We usually interpret functions of operators in terms of power series expansions. In the case of \( \lr{ E_n^{(0)} – H_0 }^{-1} \), we have a concrete interpretation when acting on one of the unpertubed eigenstates

\begin{equation}\label{eqn:qmLecture20:420}
\inv{ E_n^{(0)} – H_0 } \ket{m^{(0)}} =
\inv{ E_n^{(0)} – E_m^0 } \ket{m^{(0)}}.
\end{equation}

This gives

\begin{equation}\label{eqn:qmLecture20:440}
\ket{n}
=
\inv{ E_n^{(0)} – H_0 }
\sum_{m \ne n}
\ket{m^{(0)}}\bra{m^{(0)}}
\lr{ \lambda V – \Delta_n } \ket{n} + \ket{ n^{(0)} },
\end{equation}

or

\begin{equation}\label{eqn:qmLecture20:460}
\boxed{
\ket{n}
=
\ket{ n^{(0)} }
+
\sum_{m \ne n}
\frac{\ket{m^{(0)}}\bra{m^{(0)}}}
{
E_n^{(0)} – E_m^{(0)}
}
\lr{ \lambda V – \Delta_n } \ket{n}.
}
\end{equation}

From \ref{eqn:qmLecture20:220}, note that

\begin{equation}\label{eqn:qmLecture20:500}
\Delta_n =
\frac{\bra{n^{(0)}} \lambda V \ket{n}}{\braket{n^0}{n}},
\end{equation}

however, we will normalize by setting \( \braket{n^0}{n} = 1 \), so

\begin{equation}\label{eqn:qmLecture20:521}
\boxed{
\Delta_n =
\bra{n^{(0)}} \lambda V \ket{n}.
}
\end{equation}

to \( O(\lambda^0) \)

If all \( \lambda^n, n > 0 \) are zero, then we have

\label{eqn:qmLecture20:780}
\begin{equation}\label{eqn:qmLecture20:740}
\ket{n_0}
=
\ket{ n^{(0)} }
+
\sum_{m \ne n}
\frac{\ket{m^{(0)}}\bra{m^{(0)}}}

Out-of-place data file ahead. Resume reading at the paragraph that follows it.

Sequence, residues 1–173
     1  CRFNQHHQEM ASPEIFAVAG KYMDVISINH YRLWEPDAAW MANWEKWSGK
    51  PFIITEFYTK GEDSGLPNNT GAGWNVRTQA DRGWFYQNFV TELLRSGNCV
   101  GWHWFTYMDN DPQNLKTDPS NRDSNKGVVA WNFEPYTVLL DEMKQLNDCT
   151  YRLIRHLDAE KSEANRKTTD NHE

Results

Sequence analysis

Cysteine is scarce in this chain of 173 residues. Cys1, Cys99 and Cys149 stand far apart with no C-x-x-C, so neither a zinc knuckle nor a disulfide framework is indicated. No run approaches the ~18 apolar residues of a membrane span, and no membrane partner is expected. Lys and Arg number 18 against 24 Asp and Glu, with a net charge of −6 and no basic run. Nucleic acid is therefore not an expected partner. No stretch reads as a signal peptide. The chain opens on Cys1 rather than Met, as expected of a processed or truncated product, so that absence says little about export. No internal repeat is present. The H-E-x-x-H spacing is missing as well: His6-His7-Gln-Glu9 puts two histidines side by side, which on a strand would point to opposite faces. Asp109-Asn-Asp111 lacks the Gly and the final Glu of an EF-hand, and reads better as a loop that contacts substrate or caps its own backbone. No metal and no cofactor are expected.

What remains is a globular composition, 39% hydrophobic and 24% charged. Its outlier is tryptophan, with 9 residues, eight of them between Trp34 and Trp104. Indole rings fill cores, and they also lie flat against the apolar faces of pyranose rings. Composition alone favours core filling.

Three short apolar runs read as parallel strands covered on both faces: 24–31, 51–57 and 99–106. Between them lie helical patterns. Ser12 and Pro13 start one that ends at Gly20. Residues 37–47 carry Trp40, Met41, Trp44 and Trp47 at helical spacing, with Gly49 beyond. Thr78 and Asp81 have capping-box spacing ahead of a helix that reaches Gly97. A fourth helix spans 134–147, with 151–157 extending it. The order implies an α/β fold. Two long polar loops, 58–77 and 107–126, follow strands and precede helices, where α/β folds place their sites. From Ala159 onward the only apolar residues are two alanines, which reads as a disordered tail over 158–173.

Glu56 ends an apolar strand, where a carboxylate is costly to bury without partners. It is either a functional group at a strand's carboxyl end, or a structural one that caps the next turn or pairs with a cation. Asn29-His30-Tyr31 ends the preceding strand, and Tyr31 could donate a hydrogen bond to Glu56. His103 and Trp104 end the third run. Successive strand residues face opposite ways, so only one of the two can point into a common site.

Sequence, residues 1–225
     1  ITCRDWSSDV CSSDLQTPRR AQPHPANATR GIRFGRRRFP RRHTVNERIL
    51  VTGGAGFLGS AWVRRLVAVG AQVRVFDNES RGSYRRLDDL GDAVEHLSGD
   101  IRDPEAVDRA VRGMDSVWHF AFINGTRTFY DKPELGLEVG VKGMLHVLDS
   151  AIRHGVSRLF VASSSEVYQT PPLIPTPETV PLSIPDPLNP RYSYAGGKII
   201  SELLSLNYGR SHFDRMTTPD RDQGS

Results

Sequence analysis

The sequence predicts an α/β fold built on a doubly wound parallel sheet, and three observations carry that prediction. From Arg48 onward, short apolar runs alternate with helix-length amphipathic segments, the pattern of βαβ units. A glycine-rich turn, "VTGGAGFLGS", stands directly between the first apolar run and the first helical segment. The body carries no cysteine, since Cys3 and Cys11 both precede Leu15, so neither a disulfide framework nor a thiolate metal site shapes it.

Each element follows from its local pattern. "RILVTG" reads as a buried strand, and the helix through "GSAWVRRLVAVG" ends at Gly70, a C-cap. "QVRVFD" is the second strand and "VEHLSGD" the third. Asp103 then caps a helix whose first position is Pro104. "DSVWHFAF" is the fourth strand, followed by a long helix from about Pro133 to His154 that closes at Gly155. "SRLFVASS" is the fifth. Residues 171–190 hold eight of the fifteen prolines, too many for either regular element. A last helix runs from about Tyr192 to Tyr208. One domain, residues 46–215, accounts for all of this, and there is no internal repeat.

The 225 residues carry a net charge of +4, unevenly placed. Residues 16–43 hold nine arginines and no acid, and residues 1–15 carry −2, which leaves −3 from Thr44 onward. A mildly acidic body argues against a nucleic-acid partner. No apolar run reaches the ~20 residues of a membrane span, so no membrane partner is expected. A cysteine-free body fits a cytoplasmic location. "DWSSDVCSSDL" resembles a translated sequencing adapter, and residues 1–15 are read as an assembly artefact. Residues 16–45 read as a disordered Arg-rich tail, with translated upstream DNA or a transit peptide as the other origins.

{
E_n^{(0)} – E_m^{(0)}
}
\lr{ – \Delta_{n_0} } \ket{n_0}
\end{equation}
\begin{equation}\label{eqn:qmLecture20:800}
\Delta_{n_0} \braket{n^{(0)}}{n_0} = 0
\end{equation}

so

\begin{equation}\label{eqn:qmLecture20:540}
\begin{aligned}
\ket{n_0} &= \ket{n^{(0)}} \\
\Delta_{n_0} &= 0.
\end{aligned}
\end{equation}

to \( O(\lambda^1) \)

Requiring identity for all \( \lambda^1 \) terms means

\begin{equation}\label{eqn:qmLecture20:760}
\ket{n_1} \lambda
=
\sum_{m \ne n}
\frac{\ket{m^{(0)}}\bra{m^{(0)}}}
{
E_n^{(0)} – E_m^{(0)}
}
\lr{ \lambda V – \Delta_{n_1} \lambda } \ket{n_0},
\end{equation}

so

\begin{equation}\label{eqn:qmLecture20:560}
\ket{n_1}
=
\sum_{m \ne n}
\frac{
\ket{m^{(0)}} \bra{ m^{(0)}}
}
{
E_n^{(0)} – E_m^{(0)}
}
\lr{ V – \Delta_{n_1} } \ket{n_0}.
\end{equation}

With the assumption that \( \ket{n^{(0)}} \) is normalized, and with the shorthand

\begin{equation}\label{eqn:qmLecture20:600}
V_{m n} = \bra{ m^{(0)}} V \ket{n^{(0)}},
\end{equation}

that is

\begin{equation}\label{eqn:qmLecture20:580}
\begin{aligned}
\ket{n_1}
&=
\sum_{m \ne n}
\frac{
\ket{m^{(0)}}
}
{